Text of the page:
What Can Be Done About The Worrying Rise Of 'Selfie Deaths'?

Photo: Rockie Nolan
Long gone are the days when a picturesque sunset or pretty bowl of porridge could guarantee you a bunch of Instagram likes.

These days, everyone is the Creative Director of their own personal brand – and the calibre of our social media posts has stepped up a notch. Consequently, we must go to more extreme lengths to get attention and set ourselves apart on social media.

This mostly likely explains the rise of the "extreme selfie" phenomenon, defined as a "high adrenaline sport" that involves photographing yourself "in the most extreme environments you can find", according to the oracle of youth that is Urban Dictionary.

As you might imagine, taking an extreme selfie is the opposite of safe, and people all over the world have died in dangerous situations.

Since 2014, when the first selfie-related death was recorded, there have been 127 deaths by selfie, according to researchers at Carnegie Mellon University in Pittsburgh.

The team behind this research now wants to create an app to tackle the problem by warning selfie-takers when they're at risk, reported BBC Newsbeat.

In the first eight months of this year, 73 people died while taking a selfie, up from 39 in 2015 and 15 in 2014, PhD student Hemank Lamba and his colleagues found. Some countries saw more selfie-related deaths than others and the specific cause of death varied depending on where the selfie-takers were from.

Falling from a great height, such as a clifftop or the top of a building, was the most common cause of death, the researchers found.

India had the most recorded selfie deaths (76), which Lamba and his team attributed to the trend for taking photos with trains, and "the belief that posing on or next to train tracks with their best friend is regarded as romantic and a sign of never-ending friendship".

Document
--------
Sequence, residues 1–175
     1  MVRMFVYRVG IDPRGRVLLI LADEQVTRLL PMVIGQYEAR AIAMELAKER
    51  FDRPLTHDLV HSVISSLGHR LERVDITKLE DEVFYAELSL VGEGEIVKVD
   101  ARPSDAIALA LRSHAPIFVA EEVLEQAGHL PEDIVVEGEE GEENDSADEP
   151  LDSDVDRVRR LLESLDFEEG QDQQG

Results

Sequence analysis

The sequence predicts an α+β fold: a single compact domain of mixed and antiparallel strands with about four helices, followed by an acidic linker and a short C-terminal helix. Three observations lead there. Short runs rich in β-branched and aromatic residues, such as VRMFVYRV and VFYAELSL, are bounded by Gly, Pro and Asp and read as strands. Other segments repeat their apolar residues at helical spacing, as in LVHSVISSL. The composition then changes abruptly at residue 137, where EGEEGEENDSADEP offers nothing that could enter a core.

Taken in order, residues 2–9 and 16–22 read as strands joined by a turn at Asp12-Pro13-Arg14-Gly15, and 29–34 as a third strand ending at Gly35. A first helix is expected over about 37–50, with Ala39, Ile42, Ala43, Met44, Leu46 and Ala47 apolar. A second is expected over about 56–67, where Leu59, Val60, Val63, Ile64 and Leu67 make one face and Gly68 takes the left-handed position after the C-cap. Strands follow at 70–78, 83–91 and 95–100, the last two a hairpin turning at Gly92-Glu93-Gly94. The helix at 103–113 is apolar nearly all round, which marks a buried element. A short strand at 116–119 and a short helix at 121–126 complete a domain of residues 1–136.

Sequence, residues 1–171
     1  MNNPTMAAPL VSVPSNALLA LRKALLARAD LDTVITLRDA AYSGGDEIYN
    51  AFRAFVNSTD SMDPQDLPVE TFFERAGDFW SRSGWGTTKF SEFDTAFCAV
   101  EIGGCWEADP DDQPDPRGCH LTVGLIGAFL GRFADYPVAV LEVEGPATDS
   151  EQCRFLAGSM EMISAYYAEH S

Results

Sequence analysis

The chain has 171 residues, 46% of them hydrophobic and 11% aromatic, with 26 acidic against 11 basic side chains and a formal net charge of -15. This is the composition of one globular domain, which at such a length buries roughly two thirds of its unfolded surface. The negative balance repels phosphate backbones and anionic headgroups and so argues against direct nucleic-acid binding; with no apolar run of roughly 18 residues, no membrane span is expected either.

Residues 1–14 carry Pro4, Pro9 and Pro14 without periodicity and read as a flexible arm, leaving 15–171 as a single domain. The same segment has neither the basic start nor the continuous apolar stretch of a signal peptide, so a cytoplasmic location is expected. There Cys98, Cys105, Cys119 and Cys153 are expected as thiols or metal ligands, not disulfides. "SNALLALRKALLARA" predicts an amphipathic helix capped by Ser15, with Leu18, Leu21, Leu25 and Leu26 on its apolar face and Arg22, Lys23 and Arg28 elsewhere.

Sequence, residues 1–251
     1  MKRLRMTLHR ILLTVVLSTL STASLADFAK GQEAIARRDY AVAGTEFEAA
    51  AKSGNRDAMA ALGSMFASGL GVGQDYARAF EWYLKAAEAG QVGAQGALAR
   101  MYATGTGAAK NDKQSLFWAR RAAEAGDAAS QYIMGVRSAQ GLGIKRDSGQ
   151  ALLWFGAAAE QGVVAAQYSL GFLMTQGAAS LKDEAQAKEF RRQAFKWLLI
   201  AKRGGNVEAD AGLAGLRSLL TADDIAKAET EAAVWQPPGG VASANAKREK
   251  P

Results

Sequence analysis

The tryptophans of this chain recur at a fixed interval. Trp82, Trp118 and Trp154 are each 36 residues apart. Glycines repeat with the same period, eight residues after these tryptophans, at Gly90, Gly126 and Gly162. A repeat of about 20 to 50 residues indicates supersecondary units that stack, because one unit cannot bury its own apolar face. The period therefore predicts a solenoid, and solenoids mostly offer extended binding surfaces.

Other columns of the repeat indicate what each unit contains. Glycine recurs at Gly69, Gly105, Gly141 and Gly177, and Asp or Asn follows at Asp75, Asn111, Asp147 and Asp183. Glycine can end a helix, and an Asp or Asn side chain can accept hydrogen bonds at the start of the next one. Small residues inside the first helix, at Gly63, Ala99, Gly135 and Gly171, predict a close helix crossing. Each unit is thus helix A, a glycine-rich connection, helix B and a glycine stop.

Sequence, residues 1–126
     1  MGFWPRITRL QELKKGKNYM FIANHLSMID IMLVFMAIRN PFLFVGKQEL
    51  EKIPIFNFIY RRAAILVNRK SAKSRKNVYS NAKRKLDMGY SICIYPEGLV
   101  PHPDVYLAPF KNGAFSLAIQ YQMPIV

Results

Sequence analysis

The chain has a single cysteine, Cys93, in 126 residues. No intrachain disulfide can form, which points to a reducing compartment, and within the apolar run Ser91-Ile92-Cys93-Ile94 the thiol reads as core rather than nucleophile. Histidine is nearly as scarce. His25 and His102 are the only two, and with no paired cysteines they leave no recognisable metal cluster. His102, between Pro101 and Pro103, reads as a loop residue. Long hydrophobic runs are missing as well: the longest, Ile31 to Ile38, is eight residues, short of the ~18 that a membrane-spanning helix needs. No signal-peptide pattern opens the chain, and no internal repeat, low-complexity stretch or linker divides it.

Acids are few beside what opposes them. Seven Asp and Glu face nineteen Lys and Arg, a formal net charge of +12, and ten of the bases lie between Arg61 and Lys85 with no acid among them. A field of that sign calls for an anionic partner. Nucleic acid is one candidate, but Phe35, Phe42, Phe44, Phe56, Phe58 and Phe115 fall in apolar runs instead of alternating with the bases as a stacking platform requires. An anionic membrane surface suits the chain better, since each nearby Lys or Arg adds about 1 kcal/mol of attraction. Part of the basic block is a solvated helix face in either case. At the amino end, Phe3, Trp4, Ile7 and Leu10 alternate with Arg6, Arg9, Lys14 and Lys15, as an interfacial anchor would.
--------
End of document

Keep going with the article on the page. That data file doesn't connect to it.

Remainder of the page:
There were eight deaths in the U.S. and six in Russia, many of which were linked to weapons and could be due to the countries' gun laws. There were also nine selfie-related deaths in Pakistan.

The researchers are planning to develop an app that will alert selfie-takers when they're at risk by using their phone's location data and an algorithm that can identify risky locations.

The team reportedly tested their algorithm on 3000 selfies and it was 70% successful at identifying dangerous locations. (It remains to be seen whether receiving a notification in a hazardous situation would actually make you safer, though...)

High-profile Russian Instagrammer Drewsssik died after falling from a building in 2015. He had built a following my taking photos from up high. And a 12-year-old Russian girl, known as Oksana B, also died last month after falling from a balcony mid-selfie.

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